As far as bankable assets go, these beauties keep track of time in not one, not two, but three separate time zones
Living in Singapore, one of the world’s most cosmopolitan cities, we’re constantly connected to what’s happening elsewhere on the globe. We’re frequently in touch with friends, family and co-workers who are miles away.
Especially during the pandemic, some of us have already gotten the hang of managing entire teams in spite of multiple time differences, walking away with two or three time zones permanently ingrained in our muscle memory. Singapore is eight hours ahead of London, 12 hours ahead of New York, one hour behind Tokyo, and in the same time zone as Shanghai…
Even if one hadn’t memorised all that, there’s no need to sweat. Like everything else today, most of that information is readily available at the tap of a few buttons. But ask any Gen X-er in banking and finance during the late ’80s or early ’90s and you’ll know how this ubiquitous feature was actually a rarity then.
Money never sleeps
Financiers monitoring the world’s major stock exchanges literally needed a wall of clocks, one for each city that mattered to their bottom line. World timers offering all 24 time zones already existed then of course, as do the dual time complication offering a grand total of two time zones, but these watches were designed primarily for travellers.
It took the fortuitous encounter between a frustrated banker and a talented watchmaker to see the birth of the world’s first wristwatch that displayed not one, not two, but three separate time zones.
The watch was known as the Master Banker, named after the profession for which it was invented, and the watchmaker was none other than Master of Complications himself, Franck Muller. As for the frustrated banker, all we know is that he couldn’t be anything but a dear client of Muller’s.
Said client’s bemoaning of the sheer and utter absence of any good solution to his predicament spurred Muller into action. The Master of Complications decided that if a suitable timepiece didn’t exist, then he shall invent one. After all, presenting new ideas and concepts in watchmaking was second nature to him.
The year was 1996, 10 years after Franck Muller had consistently premiered no fewer than 10 grand complications, all of the world’s firsts, and each one more incredible than the last. By comparison, the Master Banker was a different breed of watch altogether.
Where the world premieres were about technical hubris, a loud and proud showcase of Muller’s horological mastery, the Master Banker placed complexity at the behest of functionality. Indeed till today, the multiple time zone complication remains one of the most practical features in a mechanical timepiece.
Cased in a voluminous tonneau shape known as the Franck Muller Cintrée Curvex, the Master Banker offered a most elegant solution, and that was deeply appealing to the seasoned banker. But more importantly, hundreds then thousands more swiftly followed suit, all of them eager to be wearing a timepiece created expressly for this industry.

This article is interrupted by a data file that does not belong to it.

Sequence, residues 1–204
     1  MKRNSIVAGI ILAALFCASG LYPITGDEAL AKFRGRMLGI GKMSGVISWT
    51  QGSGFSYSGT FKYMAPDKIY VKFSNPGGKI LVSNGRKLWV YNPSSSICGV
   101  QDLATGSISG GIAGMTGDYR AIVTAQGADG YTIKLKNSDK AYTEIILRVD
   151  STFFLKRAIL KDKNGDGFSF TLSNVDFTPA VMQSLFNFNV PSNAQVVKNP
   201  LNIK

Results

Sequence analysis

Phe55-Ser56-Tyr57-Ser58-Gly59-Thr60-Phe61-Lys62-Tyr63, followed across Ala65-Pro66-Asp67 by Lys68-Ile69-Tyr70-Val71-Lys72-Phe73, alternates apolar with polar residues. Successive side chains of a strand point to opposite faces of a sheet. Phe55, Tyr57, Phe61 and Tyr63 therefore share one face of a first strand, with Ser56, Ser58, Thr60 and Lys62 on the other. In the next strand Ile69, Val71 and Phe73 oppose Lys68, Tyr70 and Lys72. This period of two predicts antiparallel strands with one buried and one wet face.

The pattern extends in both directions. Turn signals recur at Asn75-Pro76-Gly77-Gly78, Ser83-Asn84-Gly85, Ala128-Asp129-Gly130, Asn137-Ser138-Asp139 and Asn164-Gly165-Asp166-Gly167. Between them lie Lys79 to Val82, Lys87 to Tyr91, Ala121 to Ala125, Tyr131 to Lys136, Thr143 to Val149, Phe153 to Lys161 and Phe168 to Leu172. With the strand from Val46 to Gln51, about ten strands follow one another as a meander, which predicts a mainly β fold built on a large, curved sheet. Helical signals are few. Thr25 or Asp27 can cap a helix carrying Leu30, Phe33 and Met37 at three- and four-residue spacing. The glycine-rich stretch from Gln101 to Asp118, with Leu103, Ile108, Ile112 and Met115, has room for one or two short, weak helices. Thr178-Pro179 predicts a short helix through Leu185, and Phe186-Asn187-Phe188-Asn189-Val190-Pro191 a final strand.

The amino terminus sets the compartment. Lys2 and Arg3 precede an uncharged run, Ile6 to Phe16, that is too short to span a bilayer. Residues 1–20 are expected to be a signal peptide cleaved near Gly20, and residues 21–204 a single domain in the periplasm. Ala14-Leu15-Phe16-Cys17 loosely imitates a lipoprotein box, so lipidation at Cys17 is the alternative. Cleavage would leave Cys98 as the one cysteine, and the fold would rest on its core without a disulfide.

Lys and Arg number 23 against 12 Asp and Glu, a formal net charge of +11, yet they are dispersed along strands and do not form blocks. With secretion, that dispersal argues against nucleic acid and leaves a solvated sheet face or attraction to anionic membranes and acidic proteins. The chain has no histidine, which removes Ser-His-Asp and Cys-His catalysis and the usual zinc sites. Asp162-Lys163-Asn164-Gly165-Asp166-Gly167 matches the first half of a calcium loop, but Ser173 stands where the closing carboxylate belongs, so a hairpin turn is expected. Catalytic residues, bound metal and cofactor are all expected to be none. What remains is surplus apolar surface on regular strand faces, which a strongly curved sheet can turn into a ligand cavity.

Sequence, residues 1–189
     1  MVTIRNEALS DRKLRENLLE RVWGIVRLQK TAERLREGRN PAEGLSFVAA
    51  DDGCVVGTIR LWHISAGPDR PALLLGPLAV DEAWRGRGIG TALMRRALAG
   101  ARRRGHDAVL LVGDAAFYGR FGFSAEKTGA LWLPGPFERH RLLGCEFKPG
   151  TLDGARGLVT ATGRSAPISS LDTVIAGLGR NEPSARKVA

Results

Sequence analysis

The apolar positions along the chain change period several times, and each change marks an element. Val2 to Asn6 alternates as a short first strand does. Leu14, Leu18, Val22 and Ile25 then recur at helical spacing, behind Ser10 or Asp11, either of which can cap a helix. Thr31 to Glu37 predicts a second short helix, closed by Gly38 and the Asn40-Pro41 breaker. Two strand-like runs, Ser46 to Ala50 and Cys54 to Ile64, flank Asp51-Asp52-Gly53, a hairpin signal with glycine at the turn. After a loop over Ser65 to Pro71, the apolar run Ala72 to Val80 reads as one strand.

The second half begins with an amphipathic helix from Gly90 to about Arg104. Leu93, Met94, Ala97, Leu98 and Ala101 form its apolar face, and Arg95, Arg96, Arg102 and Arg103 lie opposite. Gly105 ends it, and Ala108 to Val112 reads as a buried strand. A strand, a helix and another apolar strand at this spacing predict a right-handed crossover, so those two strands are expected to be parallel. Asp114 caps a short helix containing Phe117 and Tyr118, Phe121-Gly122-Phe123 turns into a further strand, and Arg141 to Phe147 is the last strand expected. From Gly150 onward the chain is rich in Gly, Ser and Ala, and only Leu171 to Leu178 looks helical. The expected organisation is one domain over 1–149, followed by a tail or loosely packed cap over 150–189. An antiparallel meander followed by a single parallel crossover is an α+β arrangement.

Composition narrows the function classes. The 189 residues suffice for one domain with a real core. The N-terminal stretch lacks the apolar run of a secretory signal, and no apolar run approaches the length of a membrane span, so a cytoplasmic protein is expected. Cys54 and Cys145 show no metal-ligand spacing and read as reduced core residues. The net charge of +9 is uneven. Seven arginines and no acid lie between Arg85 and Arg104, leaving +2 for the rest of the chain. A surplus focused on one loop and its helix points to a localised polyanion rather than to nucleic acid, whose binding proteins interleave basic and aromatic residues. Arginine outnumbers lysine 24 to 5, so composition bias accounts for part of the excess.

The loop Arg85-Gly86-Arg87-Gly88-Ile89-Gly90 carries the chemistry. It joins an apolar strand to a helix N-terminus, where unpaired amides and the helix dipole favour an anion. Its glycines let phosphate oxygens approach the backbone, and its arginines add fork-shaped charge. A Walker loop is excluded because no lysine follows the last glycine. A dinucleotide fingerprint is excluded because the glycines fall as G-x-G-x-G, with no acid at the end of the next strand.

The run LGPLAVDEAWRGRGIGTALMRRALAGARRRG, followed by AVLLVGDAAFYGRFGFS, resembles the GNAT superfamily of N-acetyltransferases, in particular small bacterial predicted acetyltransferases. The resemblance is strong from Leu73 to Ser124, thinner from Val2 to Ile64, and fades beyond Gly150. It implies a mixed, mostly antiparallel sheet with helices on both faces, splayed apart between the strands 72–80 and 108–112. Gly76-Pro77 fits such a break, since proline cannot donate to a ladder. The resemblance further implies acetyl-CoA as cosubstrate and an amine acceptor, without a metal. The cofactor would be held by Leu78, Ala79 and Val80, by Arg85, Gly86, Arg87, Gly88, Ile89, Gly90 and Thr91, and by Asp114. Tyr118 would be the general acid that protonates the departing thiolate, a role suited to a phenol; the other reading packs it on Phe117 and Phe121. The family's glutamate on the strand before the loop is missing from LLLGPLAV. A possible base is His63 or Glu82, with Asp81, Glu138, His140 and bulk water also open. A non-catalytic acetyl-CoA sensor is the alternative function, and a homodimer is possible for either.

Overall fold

Because not only did the Master Banker display three time zones, it allowed the wearer to adjust each time zone accurate to the nearest minute – a handy feature when you’re doing business in cities with half-hour or 45-minute offsets.
And the best part is, the Master Banker was designed to be fuss-free and user-friendly, so all three time displays are manipulated via the crown – no pesky buttons or inset pushers and tools to fiddle with. Just pull the crown to one of three positions to make all the adjustments you need: position one winds the movement, position two activates the two sub-dials, and position three sets home time.
It sounds simple. But for this to happen, Muller had to rethink the entire movement architecture, deconstructing and reconstructing all over to arrive at this streamlined solution. By all accounts, this patented achievement was no walk in the park and it sits right up there with the time Muller famously modified a Rolex timepiece, turning it into a fully functioning perpetual calendar.
Going with a tonneau case for this timepiece was also a stroke of genius, as this shape comfortably accommodates two additional subdials while retaining a clear sense of balance in a way the classic round case simply couldn’t. That, and the iconic Art Deco numerals make the complete Master Banker package. Everything comes together so nicely that even the circular date window at eight o’clock couldn’t disrupt this harmonious layout.
It’s been a quarter of a century since Franck Muller unveiled the Master Banker and in this time, the Maison has produced numerous special variations for different audiences around the world, but the latest iterations might be its most vibrant ones yet.
Exclusively offered in Asia boutiques, this refreshing, rainbow-hued suite is a tempting addition to your watch collection, whether or not you’re in the finance business. It is also non-gender specific in that the watches come in two different sizes, a range of case materials, with and without pavé diamonds – because like the best in the business, these Master Bankers are both style and financially savvy.
Visit the Franck Muller Master Banker dedicated microsite here
Franck Muller boutiques
House of Franck Muller, Wisma Atria
L2-01, Isetan Wisma Atria
435 Orchard Road
Tel: +65 6734 8655
Email: [email protected]
House of Franck Muller, The Shoppes at Marina Bay Sands
Bay Level L1-55/55A,
The Shoppes at Marina Bay Sands
2 Bayfront Avenue
Tel: +65 6634 8825
Email: [email protected]